In New Jersey, the application of bankruptcy law to income taxes is a very complicated matter. This portion of the website provides a very general explanation regarding an individual debtor’s income tax liability and the application of bankruptcy. It is very important to note that there are numerous exceptions and variations of the law and the information provided is very general.
Income taxes may be discharged (eliminated) in bankruptcy, under certain circumstances. Income taxes may be classified as a secured debt and/or priority debt and/or unsecured debt. An individual may have a portion of their income tax liability classified as priority debt, a portion classified as unsecured debt, and a portion that is classified as secured debt. The bankruptcy laws pertaining to income taxes are the same for federal taxes that are due to the Internal Revenue Service and New Jersey state taxes that are due to the State of New Jersey, Division of Taxation.
The portion of income taxes that are classified as unsecured and/or secured and/or priority will be treated as such pursuant to the bankruptcy code. In other words, income tax that is treated as priority debt will be treated like other priority debt, etc. You can read more about income tax priority debt in our section about priority debt. Although Income tax debt may be classified as secured, neither the State of New Jersey nor the Internal Revenue Service will commence a mortgage foreclosure action against the debtor.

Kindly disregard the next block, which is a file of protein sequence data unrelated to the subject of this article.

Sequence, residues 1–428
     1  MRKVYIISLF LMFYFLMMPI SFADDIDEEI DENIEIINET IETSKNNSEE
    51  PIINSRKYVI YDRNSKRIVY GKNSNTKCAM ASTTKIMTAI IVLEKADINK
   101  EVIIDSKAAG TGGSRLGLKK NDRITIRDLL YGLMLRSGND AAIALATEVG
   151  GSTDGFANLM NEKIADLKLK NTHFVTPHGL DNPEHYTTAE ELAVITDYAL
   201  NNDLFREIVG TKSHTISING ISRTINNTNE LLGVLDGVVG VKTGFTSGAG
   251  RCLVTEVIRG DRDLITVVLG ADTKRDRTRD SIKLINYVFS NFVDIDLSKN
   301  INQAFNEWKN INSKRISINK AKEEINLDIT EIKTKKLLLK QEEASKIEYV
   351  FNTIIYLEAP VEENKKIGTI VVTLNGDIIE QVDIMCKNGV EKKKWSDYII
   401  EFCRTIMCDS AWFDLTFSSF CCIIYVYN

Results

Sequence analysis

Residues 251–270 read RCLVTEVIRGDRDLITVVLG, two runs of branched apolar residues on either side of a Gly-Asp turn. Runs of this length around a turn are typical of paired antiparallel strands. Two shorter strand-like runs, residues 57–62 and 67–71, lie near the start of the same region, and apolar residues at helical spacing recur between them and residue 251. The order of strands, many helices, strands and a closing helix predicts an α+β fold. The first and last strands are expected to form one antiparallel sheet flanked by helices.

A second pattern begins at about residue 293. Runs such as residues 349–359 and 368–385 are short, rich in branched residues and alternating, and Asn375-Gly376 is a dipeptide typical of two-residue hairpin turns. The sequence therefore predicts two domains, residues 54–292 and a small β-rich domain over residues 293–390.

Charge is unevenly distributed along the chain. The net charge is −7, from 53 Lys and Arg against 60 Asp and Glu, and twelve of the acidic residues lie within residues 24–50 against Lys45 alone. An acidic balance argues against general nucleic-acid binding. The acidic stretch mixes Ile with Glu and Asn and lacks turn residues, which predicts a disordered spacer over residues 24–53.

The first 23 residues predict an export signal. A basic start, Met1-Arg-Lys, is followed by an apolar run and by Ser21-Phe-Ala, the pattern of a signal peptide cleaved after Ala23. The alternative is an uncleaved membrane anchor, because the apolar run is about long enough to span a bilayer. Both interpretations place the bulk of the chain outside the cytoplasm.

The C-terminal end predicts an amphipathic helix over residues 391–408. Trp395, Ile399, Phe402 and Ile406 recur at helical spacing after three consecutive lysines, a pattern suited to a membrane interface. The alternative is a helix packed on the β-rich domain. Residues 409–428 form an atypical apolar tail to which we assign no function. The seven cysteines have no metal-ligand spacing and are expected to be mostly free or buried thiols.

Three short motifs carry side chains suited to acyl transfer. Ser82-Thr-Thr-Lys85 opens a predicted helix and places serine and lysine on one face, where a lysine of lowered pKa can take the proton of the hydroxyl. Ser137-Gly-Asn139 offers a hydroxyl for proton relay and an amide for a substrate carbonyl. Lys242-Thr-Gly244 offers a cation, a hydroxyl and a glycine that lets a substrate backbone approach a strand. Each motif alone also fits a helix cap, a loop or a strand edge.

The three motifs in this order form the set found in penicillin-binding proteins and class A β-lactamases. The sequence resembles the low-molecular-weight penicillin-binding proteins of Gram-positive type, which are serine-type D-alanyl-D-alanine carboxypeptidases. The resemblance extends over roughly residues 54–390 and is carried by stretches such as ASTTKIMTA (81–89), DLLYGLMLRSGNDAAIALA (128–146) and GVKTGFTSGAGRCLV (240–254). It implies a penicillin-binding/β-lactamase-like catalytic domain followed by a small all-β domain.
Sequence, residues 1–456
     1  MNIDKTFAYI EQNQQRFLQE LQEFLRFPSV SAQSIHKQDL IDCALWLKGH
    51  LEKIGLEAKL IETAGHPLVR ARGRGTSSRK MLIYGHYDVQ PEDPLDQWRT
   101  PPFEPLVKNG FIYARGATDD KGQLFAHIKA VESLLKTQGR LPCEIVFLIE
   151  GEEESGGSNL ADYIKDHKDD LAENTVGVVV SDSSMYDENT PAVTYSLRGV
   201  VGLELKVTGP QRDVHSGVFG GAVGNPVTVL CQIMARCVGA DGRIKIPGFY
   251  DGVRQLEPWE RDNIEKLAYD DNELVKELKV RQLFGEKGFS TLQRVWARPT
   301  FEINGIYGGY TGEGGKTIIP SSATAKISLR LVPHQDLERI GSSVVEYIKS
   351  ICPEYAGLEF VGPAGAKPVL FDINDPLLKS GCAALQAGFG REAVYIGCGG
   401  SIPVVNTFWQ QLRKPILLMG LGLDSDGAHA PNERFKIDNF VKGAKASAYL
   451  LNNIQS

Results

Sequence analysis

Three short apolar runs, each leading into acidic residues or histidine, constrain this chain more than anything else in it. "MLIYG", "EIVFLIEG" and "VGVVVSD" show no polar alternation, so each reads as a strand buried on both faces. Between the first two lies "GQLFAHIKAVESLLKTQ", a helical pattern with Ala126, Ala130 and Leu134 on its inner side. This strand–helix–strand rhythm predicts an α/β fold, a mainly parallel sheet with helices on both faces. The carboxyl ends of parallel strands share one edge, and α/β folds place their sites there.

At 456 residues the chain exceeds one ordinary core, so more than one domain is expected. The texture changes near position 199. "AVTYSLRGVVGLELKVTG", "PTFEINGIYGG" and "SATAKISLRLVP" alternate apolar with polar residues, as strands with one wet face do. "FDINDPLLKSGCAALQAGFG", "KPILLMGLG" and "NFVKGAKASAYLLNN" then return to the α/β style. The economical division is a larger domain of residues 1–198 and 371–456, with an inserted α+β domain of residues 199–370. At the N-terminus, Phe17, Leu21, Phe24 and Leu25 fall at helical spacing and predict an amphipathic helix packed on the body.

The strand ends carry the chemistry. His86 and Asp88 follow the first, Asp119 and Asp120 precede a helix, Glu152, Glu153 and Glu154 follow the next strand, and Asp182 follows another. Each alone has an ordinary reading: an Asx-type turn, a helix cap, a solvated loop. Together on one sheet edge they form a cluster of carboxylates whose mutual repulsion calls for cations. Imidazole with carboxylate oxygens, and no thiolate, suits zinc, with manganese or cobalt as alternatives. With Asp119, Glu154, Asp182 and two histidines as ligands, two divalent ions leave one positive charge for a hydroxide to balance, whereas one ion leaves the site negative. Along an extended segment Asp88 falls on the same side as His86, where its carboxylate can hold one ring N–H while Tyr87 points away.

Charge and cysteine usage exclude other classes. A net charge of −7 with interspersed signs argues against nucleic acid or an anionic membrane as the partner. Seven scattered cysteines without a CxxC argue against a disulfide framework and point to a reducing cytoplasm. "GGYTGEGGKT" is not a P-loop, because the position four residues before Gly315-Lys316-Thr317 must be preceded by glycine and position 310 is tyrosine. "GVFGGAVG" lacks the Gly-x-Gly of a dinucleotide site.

Individuals’ Income Taxes
Note: This section does not pertain to corporate or partnership income taxes.
The following explains income tax classified as priority debt. Any income tax liability due in connection with a tax year for which no return was filed, is treated and classified as priority debt. Income taxes that are due and timely filed, within three years from the date that the taxes are due and the date of the bankruptcy filing are classified as priority debt. A tax liability may be considered both priority and secured.
The following explains unsecured income taxes. An income tax liability in connection with a timely filed tax return, which was filed and due more than three years before the bankruptcy filing may be classified as unsecured. Unsecured income taxes may be discharged.
The following is an explanation with regard to secured income tax debt. Income tax debt is classified as secured if the State of New Jersey, Division of Taxation, and/or the Internal Revenue Service accurately filed a legal tax lien in the debtor’s county in New Jersey. The amount of the secured portion of the tax liability depends on the value of the debtor’s personal and real property minus the secured interest in that particular property. The debtor may not apply any exemptions to reduce the amount of the secured lien.
Contact a Bankruptcy Attorney in New Jersey
The New Jersey bankruptcy code has special considerations when it comes to income taxes, which is just one example of the many nuances of the NJ bankruptcy laws. Prior to filing, it is important that you understand how bankruptcy will effect you, and why. Robert Manchel has many years of experience with New Jersey bankruptcy laws. He will be able to answer your questions and identify potential issues, before they become a problem. For a free consultation, contact the NJ bankruptcy law firm, The Law Offices of Robert Manchel.